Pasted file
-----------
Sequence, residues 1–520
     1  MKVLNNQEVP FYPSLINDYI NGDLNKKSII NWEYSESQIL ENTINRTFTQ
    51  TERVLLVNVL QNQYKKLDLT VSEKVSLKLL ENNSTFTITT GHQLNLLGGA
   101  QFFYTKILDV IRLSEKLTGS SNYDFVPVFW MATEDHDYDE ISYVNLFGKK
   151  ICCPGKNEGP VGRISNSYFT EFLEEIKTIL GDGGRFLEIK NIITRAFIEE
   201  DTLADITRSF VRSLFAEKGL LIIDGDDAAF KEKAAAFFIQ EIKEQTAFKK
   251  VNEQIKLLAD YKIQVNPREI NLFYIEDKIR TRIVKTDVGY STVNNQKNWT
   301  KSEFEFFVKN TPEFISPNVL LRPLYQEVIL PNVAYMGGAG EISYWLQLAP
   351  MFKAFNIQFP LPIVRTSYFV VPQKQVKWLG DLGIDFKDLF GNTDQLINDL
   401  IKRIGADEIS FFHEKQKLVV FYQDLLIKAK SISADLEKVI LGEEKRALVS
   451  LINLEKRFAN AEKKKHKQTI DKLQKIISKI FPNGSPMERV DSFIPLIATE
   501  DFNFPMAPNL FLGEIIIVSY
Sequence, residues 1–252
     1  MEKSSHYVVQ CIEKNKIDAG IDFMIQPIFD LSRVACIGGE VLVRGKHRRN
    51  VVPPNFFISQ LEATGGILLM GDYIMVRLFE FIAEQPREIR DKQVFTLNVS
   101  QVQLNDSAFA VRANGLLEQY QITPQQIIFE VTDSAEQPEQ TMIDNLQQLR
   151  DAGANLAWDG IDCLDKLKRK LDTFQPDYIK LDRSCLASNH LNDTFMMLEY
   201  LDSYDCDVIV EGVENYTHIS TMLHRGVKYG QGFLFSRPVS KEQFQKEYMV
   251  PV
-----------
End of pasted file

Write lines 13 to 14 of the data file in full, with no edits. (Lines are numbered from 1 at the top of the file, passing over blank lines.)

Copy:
Sequence, residues 1–252
     1  MEKSSHYVVQ CIEKNKIDAG IDFMIQPIFD LSRVACIGGE VLVRGKHRRN